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I broke up with my boyfriend and moved back in with my parents. How do I get out of here?
By Cait Robinson
Dear Miss Information,
A week ago, my boyfriend and I broke up after four years, and I moved out of our apartment. That was sad enough, but the main problem is that my life as I know it has completely changed overnight. After gradually building a life in our nice, charming neighborhood, I'm suddenly back at my parents', and with my twenty-fourth birthday around the corner, I'm really struggling with it. I was living just minutes from the city beforehand, and now I need a bus to even get to the train. (Any New Yorker knows this is not okay.)
All the places a single person would go to meet people are suddenly miles away, and I'm relegated to living in a room with no lock and a shared wall with my parents. I work full time but am not yet financially stable enough to get my own place, nor do I have friends who are looking for roommates. I wish everyone in my house would be more sensitive to the fact that not only did I just break up with the man I once thought I'd marry but, more importantly, I've just uprooted myself from my life entirely. I mostly want to be left alone and to live like an adult, yet they seem intent on treating me like I'm seventeen and abusing my privacy. They also told me I cannot move my furniture into the house because there's no room, so it has to linger in my old apartment till I go, which is just prolonging a confusing attachment to the ex. Am I crazy for being frustrated? Help.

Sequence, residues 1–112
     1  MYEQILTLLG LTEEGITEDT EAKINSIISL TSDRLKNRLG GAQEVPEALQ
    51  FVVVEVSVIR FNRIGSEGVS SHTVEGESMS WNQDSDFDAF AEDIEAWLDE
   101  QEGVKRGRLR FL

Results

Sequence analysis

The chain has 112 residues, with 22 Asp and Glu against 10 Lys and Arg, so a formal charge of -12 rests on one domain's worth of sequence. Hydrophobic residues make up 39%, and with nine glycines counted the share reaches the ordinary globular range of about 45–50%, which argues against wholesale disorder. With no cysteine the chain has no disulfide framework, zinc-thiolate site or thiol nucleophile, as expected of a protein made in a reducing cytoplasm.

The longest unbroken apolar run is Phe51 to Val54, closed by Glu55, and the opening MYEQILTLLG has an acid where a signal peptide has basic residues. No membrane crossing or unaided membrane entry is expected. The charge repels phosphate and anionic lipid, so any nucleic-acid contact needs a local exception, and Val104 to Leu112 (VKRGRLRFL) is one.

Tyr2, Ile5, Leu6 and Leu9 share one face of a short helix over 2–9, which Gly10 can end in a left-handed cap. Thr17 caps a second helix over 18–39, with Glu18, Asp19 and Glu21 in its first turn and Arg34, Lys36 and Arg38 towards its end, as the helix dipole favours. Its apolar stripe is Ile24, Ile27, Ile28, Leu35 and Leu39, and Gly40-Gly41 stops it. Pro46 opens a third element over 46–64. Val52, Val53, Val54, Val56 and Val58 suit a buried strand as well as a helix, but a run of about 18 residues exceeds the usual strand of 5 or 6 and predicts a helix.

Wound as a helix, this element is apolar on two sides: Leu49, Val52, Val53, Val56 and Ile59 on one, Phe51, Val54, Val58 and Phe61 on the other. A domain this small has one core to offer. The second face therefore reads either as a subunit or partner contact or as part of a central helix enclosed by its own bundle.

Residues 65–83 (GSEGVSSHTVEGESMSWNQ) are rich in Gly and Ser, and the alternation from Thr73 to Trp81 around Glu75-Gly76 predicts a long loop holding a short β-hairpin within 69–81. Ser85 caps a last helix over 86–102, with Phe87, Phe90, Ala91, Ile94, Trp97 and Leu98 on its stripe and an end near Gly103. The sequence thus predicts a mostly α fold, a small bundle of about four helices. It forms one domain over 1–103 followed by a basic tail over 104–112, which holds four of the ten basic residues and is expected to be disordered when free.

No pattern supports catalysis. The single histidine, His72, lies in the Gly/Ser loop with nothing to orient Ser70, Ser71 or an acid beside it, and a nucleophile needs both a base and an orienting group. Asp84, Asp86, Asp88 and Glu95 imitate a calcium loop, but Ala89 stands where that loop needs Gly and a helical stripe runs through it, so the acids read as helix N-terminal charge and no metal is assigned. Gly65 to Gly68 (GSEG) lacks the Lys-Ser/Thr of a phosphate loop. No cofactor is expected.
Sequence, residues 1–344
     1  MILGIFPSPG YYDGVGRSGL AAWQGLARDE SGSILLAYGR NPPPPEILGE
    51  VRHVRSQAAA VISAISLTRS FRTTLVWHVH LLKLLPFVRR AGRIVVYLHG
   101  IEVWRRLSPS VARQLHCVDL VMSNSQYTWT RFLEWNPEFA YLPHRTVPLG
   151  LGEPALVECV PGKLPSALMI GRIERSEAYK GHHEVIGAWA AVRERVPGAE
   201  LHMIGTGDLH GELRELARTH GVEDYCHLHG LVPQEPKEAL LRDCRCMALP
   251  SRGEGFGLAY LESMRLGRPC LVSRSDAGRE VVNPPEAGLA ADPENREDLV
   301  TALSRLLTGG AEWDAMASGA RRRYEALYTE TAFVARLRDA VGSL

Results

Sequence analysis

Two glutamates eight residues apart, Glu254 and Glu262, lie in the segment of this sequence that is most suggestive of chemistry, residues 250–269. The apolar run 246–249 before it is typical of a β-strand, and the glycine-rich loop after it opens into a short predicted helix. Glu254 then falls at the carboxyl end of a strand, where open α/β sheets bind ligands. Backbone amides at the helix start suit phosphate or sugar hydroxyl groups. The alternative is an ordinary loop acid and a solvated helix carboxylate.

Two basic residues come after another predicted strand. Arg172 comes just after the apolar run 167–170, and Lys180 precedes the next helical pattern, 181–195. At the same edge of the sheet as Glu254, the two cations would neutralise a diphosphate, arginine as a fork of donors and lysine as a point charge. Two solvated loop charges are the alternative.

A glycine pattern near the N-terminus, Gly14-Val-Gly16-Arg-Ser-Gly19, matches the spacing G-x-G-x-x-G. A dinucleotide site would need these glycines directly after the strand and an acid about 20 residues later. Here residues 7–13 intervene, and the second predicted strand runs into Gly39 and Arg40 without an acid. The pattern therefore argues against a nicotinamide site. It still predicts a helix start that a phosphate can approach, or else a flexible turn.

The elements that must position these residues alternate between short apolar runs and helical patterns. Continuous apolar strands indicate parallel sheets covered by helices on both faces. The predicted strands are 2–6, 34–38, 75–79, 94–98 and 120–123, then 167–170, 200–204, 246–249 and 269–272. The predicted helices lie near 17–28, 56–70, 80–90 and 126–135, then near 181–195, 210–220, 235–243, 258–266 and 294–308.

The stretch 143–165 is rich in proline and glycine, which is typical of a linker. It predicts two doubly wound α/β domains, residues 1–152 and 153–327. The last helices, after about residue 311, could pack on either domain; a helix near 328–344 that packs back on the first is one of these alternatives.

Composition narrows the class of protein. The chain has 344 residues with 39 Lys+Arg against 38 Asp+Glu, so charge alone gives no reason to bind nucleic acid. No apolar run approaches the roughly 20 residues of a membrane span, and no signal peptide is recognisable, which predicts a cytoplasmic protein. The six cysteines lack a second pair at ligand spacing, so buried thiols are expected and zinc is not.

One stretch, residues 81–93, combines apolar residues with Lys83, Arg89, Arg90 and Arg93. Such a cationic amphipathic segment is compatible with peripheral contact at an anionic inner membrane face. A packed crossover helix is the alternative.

— Trying to Move On in Queens
Dear Trying to Move On,
Everyone regresses when we go back home. Each and every one of us. You show up with your suitcase, and the next thing you know you're watching TV in your underwear, eating handfuls of cereal out of the box, and shouting, "Nobody understands me! You never did! Goddamnit, I'm hungry." And if someone asks you to pick up after yourself? Forget it. This happens even under the best of circumstances; when a traumatic event is involved, it's even more pronounced.
There's a lot of stress in your tone, Trying, all of which is completely understandable. You just suffered a big loss, and you deserve time to grieve. When you say things like, "I wish everyone in my house would [treat me differently/act differently/leave me alone]," though, that is the voice of a seventeen-year-old: victimized and powerless. If you're frustrated with how your family treats you, look at your role in these structures. Maybe they snap back to seeing you as a seventeen-year old because that was the last version of you living at home that they knew. And maybe you regress to meet those expectations because, well, that's what happens. Instead of settling for these dynamics, try setting new standards.